'Have something to eat, Father,' said the attendant.
'All right, bring me something.'
The attendant went to a hut that had been arranged some ten paces from the cave, and Father Sergius remained alone.
The time was long past when he had lived alone doing everything for himself and eating only rye-bread, or rolls prepared for the Church. He had been advised long since that he had no right to neglect his health, and he was given wholesome, though Lenten, food. He ate sparingly, though much more than he had done, and often he ate with much pleasure, and not as formerly with aversion and a sense of guilt. So it was now. He had some gruel, drank a cup of tea, and ate half a white roll.
The attendant went away, and Father Sergius remained alone under the elm tree.
It was a wonderful May evening, when the birches, aspens, elms, wild cherries, and oaks, had just burst into foliage.
The bush of wild cherries behind the elm tree was in full bloom and had not yet begun to shed its blossoms, and the nightingales--one quite near at hand and two or three others in the bushes down by the river--burst into full song after some preliminary twitters. From the river came the far-off songs of peasants returning, no doubt, from their work. The sun was setting behind the forest, its last rays glowing through the leaves. All that side was brilliant green, the other side with the elm tree was dark. The cockchafers flew clumsily about, falling to the ground when they collided with anything.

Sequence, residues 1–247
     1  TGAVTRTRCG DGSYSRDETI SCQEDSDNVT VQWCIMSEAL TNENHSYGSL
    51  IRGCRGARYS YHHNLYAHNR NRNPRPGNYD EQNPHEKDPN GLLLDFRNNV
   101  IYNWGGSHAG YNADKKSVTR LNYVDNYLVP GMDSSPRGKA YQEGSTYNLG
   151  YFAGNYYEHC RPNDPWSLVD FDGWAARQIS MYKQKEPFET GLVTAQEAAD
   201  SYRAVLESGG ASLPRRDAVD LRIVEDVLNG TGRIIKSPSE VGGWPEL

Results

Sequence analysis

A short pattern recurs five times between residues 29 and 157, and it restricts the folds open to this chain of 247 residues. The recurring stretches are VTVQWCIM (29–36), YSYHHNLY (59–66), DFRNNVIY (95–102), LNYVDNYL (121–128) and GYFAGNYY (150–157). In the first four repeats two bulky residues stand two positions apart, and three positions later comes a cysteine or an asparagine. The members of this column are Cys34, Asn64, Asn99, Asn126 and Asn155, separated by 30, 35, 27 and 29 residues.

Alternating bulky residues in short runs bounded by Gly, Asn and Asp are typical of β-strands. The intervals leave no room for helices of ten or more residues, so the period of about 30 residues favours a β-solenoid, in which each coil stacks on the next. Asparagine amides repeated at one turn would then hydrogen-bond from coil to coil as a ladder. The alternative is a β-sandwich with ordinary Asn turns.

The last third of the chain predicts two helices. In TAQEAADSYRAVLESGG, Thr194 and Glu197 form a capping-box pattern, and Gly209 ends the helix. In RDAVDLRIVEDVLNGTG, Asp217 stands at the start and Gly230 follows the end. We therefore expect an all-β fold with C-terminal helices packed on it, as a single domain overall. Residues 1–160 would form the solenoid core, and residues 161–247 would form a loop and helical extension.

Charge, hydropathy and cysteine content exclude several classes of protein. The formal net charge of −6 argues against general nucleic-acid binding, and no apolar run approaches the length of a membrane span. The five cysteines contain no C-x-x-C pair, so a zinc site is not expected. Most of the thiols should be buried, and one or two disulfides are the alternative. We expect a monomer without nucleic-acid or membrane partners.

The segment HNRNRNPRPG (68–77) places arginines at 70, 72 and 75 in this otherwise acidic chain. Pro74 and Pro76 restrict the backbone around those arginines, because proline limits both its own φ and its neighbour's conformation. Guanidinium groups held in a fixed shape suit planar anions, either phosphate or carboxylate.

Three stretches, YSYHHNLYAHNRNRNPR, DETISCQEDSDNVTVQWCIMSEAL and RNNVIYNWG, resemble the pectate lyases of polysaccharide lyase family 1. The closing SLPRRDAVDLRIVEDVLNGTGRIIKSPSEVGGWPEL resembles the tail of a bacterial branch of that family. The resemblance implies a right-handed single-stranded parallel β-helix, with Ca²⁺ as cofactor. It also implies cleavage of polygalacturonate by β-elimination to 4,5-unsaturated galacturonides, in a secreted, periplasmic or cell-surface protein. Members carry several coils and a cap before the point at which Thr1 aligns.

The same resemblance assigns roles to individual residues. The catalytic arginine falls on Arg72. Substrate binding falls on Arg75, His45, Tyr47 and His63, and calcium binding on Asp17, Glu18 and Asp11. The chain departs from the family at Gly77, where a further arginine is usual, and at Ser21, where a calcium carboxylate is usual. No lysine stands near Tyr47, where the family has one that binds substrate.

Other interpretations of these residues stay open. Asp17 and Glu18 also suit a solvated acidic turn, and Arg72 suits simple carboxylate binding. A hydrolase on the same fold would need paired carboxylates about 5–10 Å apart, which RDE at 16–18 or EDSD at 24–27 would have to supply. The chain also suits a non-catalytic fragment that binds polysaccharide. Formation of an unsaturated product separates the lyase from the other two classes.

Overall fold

After supper Father Sergius began to repeat a silent prayer: 'O Lord Jesus Christ, Son of God, have mercy upon us!' and then he read a psalm, and suddenly in the middle of the psalm a sparrow flew out from the bush, alighted on the ground, and hopped towards him chirping as it came, but then it took fright at something and flew away. He said a prayer which referred to his abandonment of the world, and hastened to finish it in order to send for the merchant with the sick daughter. She interested him in that she presented a distraction, and because both she and her father considered him a saint whose prayers were efficacious. Outwardly he disavowed that idea, but in the depths of his soul he considered it to be true.